By reading the gospel in this light, the name given to the demons, legion, has a significant purpose.  Palestine was an occupied country and Roman regiments of around six thousand men were known as a legion.  The atrocities and crimes that the legions committed were horrific.  It is likely this man would have witnessed their barbaric crimes first hand and this left him in a state of fear and shock, which led to his possession.

Now it is important to stress that not all young people who view context with scenes of strong violence or sex are affected to the degrees that this man was.  The main effect it had on me was to desensitize me to scenes of violence.  But for some it can spark a transformation.  And what urbanization and globalisation have done is made that potential spark more accessible than ever.  For the possessed man in the story, it left him fearful and isolated.  It made it impossible for him to connect with anyone on any level and the power of ‘death’ was literally all around him.

In a similar way, I have encountered young people who have also experienced a death through witnessing this type of content but that is a death of innocence.  An essence of their childhood has been lost because they have viewed images that they were not mature enough to process in a positive way and consequently, their views on certain issues have been distorted and corrupted.  As youth workers, we have a number of opportunities to help young people who have experienced or are currently experiencing this type of content and I will outline three of those opportunities below.

In the story in Mark’s gospel, Jesus spent time with the possessed man.  He reached out to him where others had ignored him or were afraid of him just like many older generations are of young people.  We cannot seek to understand and help young people if we do not get involved with them.  For young people, adolescence is defined as a period of “acute identity crisis and turmoil” because of the images and messages they are receiving and they need to feel that they are being listened to just like the possessed man with Jesus.  But whereas Jesus cured the man by exorcising the demons from him, Christian youth workers need to help young people through counsel, prayer and empowerment.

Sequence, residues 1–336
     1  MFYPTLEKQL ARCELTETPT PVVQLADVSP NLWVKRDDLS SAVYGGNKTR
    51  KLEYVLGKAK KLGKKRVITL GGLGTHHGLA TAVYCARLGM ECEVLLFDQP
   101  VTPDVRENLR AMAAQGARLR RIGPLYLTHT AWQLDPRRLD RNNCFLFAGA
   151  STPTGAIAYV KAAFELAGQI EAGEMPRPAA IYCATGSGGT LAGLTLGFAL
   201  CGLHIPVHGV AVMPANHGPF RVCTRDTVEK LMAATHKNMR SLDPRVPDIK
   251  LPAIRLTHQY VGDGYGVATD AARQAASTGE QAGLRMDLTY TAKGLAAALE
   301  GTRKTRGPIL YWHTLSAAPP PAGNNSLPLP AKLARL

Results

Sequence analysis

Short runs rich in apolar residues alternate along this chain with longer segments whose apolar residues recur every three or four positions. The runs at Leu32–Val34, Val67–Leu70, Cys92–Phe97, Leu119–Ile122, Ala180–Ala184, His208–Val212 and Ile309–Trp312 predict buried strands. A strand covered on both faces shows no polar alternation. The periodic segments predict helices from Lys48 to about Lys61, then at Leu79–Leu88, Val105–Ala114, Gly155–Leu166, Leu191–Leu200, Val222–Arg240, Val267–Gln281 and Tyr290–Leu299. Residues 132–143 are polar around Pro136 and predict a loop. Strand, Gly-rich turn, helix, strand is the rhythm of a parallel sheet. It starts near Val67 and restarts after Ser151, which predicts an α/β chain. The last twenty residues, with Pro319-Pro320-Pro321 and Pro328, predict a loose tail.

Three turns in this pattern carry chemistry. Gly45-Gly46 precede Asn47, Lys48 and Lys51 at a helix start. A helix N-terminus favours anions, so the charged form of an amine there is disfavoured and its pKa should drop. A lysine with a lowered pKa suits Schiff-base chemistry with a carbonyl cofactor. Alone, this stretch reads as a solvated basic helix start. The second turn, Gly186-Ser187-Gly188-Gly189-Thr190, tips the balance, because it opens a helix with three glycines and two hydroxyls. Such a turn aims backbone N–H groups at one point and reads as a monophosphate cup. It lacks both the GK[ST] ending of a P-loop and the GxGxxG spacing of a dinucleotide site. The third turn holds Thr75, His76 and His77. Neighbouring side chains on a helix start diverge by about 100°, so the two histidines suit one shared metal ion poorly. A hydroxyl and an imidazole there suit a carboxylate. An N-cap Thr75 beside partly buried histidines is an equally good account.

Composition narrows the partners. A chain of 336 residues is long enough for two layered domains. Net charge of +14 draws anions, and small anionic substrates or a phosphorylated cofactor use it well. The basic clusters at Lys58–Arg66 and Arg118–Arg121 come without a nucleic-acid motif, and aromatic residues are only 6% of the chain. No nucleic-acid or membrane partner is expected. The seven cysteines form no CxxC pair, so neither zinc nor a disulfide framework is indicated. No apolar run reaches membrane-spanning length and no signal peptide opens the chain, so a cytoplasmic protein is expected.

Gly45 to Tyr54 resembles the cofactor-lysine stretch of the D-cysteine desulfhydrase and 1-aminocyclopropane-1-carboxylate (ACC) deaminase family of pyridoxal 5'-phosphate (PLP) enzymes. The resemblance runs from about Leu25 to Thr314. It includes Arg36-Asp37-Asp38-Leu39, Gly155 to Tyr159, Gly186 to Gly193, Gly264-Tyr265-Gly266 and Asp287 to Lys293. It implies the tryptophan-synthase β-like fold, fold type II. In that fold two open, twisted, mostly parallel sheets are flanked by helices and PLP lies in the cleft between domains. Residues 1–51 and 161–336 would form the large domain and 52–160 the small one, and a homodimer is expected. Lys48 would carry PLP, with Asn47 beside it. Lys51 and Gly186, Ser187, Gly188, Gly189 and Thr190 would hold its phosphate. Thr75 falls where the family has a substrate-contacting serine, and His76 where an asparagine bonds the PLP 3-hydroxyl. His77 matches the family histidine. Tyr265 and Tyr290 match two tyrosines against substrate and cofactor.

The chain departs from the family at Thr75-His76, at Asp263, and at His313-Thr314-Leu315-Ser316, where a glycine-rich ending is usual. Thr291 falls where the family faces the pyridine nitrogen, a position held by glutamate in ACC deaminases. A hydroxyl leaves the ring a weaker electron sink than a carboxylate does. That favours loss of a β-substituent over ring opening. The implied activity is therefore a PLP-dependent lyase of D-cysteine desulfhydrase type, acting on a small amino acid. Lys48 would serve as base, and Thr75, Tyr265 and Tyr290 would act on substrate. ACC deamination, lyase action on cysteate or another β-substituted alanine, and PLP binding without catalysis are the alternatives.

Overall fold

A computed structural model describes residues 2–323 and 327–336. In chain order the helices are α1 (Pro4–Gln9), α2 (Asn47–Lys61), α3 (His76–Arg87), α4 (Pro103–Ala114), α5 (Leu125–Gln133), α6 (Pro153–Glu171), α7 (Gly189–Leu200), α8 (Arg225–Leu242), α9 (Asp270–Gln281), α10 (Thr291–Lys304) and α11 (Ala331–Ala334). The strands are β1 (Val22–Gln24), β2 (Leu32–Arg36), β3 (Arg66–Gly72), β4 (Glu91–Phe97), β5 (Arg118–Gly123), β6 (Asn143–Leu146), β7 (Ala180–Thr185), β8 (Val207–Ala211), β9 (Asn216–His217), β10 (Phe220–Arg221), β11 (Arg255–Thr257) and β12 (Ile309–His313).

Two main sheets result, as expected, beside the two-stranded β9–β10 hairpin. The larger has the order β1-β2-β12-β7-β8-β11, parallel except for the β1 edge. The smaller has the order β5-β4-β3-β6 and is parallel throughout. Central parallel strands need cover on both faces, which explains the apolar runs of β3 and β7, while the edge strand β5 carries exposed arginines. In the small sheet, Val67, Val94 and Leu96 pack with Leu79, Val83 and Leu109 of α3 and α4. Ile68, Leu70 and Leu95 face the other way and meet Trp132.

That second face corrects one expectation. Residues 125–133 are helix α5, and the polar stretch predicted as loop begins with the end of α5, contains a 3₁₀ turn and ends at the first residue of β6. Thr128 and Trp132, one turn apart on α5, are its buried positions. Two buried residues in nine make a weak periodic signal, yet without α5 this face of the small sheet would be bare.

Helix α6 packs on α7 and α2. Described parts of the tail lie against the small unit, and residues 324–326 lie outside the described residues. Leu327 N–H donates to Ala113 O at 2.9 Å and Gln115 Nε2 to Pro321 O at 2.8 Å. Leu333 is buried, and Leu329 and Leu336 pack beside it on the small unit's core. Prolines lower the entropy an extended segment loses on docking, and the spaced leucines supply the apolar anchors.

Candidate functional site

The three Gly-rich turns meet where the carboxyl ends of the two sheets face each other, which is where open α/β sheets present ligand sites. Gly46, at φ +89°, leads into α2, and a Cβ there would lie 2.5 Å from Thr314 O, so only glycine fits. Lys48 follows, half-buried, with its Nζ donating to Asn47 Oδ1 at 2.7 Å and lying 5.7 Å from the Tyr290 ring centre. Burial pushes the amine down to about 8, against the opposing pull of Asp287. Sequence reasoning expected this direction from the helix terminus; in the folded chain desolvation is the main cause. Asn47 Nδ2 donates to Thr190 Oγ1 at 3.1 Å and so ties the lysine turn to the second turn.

This is an area that if often difficult when working in the normal context of a youth club.  Because what we predominantly run in Mauchline is programme based work, we do not always give adequate time to enter into discussions with the young people to a level where we can explore the variety of issues that they are dealing with.  This is an area that definitely needs further investigation.

The second opportunity we have is based around the idea of the death of innocence that I alluded to earlier.  I believe that play and creativity are essential elements of what makes us human and are vital to the imago dei and that as Christian youth workers we should be creating space where young people get to act like young people.  In Mauchline I have introduced drama, dance and film workshops into our youth clubs so that young people can have that sense of play again.  We created a space where they do not have to deal with complex issues but are instead allowed to create.  Jesus brings life back to the possessed man and we too can resurrect what has been put to death.

In one commentary the possessed man is described as “deranged, unemployed, uncivilized, useless”, and this brings me on to the final opportunity we have as youth workers that I want to explore.  Although more of a consequence to globalisation than adult media, it is still true to say that adolescents have little or no place in western society.  By the world’s standards they are useless because they are not seen to be mature enough to have sex or hold down a proper job.  They are also given minimal amounts of responsibility and power and this is what we are trying to combat with our youth work by giving them as much ownership of the youth club that we can.  This is their club and with that privilege comes rights and responsibilities.  Through this we hope to demonstrate that as a church, we think they are important and have immense worth.

Urbanisation will continue to develop, as will globalisation, and as Christian youth workers we have the opportunity to speak against the corrupt and unjust structures of this new ‘empire’ that we find ourselves in the shadow of and partner with the young people to create a brighter future.